Pears (Gossip), Toronto, May 2020

NOT LONG AFTER THE TOILET PAPER PANIC, WE ALL STARTED WORRYING ABOUT WHAT WE WERE GOING TO EAT. Which sounds, on the surface, like we had things backward right from the start. It remains to be seen if lockdown will have long-lasting effects on the way we consume things – whether the supply chain and retail have been transformed, and whether what and how we get the things we need will be different in ways that weren’t predictable, or were going to change anyway, just not as quickly.

The first few weeks were very improvisatory, involving furtive trips to the grocery store with masks and gloves, and random tests of various grocery delivery options. Some were already established, others still finding their legs when owners of storefront businesses had to pivot to a new business model. Eventually we settled on a whole range of services, from a major home grocery delivery service we’d used before, to new ones set up by our local Italian deli/bakery, and a business just up the street that, until the lockdown, sold mostly to restaurants. Even beer and coffee was being delivered, courtesy local suppliers, many of them friends.

At work in the lockdown kitchen studio, May 2020.

It wasn’t long before these deliveries became the source of my still life subjects, after I’d shot all the flowers (dead and alive), skulls, scrapbooks, spring foliage and trash I could find. With so little else to think about, groceries became central to our lives within these four walls, so it seemed fitting (to me, at least) that they should be immortalized as they came over the threshold.

Pears, Toronto, May 2020
Beets, Toronto, May 2020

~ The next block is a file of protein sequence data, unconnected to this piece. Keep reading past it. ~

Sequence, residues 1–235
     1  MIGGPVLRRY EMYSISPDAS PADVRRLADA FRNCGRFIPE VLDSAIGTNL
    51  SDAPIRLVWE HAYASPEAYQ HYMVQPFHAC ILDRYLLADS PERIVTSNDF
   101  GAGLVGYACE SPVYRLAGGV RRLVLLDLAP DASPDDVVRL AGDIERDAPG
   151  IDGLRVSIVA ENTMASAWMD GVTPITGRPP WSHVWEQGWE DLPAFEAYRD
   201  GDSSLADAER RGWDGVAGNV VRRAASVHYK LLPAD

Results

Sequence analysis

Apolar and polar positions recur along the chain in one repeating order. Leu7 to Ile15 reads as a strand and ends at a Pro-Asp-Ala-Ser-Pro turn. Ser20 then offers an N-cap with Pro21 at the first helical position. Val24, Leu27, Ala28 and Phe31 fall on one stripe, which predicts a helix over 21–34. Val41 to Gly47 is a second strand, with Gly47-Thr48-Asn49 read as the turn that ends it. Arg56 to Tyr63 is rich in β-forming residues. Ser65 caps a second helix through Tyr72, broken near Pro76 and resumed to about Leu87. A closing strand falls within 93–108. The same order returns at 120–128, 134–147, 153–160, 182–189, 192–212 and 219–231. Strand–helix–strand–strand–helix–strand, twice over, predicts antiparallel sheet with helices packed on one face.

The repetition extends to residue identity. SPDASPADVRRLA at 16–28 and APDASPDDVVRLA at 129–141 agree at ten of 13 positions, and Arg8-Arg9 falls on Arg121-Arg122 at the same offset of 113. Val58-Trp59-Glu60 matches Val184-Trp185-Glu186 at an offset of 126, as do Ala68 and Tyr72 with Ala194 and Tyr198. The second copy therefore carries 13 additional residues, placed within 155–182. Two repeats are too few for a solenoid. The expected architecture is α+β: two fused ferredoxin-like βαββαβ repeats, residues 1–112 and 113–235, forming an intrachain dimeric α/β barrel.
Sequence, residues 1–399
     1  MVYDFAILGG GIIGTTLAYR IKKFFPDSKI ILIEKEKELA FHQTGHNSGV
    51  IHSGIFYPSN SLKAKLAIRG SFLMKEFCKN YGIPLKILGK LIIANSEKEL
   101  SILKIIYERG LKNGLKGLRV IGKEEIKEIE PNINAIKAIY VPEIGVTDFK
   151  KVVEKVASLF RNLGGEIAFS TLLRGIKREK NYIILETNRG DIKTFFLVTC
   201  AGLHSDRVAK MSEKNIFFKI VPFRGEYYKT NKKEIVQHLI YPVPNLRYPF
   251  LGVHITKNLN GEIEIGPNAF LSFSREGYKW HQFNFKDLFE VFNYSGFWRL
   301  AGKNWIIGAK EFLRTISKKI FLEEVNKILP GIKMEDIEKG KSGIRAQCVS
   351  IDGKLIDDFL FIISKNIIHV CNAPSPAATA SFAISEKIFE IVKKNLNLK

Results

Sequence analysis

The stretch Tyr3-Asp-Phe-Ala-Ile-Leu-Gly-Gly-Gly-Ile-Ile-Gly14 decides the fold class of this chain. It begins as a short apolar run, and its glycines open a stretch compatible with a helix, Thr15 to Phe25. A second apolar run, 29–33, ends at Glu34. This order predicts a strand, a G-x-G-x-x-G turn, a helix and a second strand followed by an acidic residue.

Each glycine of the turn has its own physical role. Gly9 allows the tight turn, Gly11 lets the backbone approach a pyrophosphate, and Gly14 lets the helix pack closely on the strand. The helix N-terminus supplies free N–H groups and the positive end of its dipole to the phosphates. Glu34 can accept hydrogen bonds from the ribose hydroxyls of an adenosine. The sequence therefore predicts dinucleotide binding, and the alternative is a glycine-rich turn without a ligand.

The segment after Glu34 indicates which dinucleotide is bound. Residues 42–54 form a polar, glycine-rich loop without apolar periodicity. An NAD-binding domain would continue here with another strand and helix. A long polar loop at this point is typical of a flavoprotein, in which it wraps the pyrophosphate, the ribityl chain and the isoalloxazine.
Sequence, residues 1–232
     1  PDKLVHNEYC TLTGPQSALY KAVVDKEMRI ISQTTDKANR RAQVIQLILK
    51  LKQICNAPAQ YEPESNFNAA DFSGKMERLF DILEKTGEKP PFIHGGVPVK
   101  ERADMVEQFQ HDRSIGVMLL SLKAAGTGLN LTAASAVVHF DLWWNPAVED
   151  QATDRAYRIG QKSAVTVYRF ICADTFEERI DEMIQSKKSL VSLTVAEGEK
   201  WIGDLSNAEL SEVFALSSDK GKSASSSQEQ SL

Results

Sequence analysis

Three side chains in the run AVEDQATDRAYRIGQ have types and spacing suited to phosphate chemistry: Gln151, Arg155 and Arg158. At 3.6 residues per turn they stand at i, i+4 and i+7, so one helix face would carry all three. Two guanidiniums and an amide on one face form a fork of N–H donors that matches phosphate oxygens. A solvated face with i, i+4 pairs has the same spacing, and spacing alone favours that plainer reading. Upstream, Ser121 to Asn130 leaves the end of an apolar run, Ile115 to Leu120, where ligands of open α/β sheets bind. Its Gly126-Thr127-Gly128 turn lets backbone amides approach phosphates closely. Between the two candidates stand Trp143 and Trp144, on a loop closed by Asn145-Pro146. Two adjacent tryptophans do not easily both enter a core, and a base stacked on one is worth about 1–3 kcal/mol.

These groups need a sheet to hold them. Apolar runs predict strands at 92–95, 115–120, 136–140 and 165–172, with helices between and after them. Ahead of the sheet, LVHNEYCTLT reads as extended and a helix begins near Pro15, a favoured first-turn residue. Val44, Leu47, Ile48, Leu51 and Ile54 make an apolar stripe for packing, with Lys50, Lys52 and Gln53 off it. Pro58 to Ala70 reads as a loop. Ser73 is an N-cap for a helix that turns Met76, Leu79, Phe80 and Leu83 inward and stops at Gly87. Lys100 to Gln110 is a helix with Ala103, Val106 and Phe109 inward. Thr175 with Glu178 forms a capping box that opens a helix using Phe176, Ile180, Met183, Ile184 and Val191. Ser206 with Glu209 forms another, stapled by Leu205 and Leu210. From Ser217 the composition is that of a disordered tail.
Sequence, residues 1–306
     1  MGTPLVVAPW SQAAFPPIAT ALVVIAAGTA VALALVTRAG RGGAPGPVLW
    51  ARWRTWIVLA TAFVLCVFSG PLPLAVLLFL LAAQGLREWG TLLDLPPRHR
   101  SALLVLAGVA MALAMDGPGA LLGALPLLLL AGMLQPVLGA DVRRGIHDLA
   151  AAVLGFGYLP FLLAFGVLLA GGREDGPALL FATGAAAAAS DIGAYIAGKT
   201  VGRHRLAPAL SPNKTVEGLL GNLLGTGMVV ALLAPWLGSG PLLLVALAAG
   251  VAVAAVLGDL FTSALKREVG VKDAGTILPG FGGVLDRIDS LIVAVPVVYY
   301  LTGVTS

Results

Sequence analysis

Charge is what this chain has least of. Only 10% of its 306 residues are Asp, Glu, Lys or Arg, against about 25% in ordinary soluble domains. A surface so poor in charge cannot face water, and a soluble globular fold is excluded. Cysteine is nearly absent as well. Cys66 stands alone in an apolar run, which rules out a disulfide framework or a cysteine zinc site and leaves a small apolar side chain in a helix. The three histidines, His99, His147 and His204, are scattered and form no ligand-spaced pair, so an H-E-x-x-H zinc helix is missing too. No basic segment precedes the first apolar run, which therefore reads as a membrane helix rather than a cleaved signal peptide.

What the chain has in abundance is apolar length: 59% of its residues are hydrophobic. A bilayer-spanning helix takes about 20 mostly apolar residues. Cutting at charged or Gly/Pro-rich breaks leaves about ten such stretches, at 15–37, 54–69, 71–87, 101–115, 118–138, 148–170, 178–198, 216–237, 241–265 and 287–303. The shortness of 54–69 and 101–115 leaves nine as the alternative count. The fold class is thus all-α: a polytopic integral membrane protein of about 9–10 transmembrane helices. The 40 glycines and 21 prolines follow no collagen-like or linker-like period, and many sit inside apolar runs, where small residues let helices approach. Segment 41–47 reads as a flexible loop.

Avocados, Toronto, May 2020
Garlic, Toronto, May 2020
Apples, Toronto, May 2020
Asparagus, Toronto, May 2020
Sweet Peppers, Toronto, May 2020

Every new box presented a challenge – tableaux or high-key? Portrait lighting or product? Soft light or hard? I hadn’t shot this much still life work in decades, so every session over the course of a busy month was a new technical challenge, and I had to dust off lighting schemes I hadn’t worked with since I had my old studio in Parkdale.

Carrots, Toronto, May 2020
Button mushrooms, Toronto, May 2020
Onions, Toronto, May 2020
Potatoes, Toronto, May 2020
Shiitake mushrooms, Toronto, May 2020

I often had just an hour or two to work with my subjects, not as much because they’d lose their freshness under my studio lights – I’m working with LEDs, so heat from light sources isn’t the issue it used to be – but because they had an appointment with the oven and stove just a few feet away from where I was shooting. On at least a couple of occasions, I’d finish with a subject, wash and chop it, then have it sauteing while I worked with another new setup on the kitchen table.

Pear, Toronto, May 2020
Asparagus, Toronto, May 2020
Boston lettuce, Toronto, May 2020
Carrots, Toronto, May 2020
Sourdough bread, Toronto, May 2020
Sprouted garlic, Toronto, May 2020
Ciabatta loaf, Toronto, May 2020
Sweet potatoes, Toronto, May 2020

With all this time to experiment, I had an opportunity to play around with my new pinhole “lens”, and with another new bit of gear acquired during lockdown – a plastic lens off of a Holga camera, fitted with a mount for my mirrorless digital camera. The results, sometimes uneven, were intriguing when they worked – something close to that painterly look I’ve been painfully edging toward for years.

Apples (pinhole), Toronto, May 2020
Button mushrooms (Holga plastic lens), Toronto, May 2020
Pears (pinhole), Toronto, May 2020
Sweet pepper (Holga plastic lens), Toronto, May 2020
Avocados (Holga plastic lens), Toronto, May 2020
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5 thoughts on “Groceries

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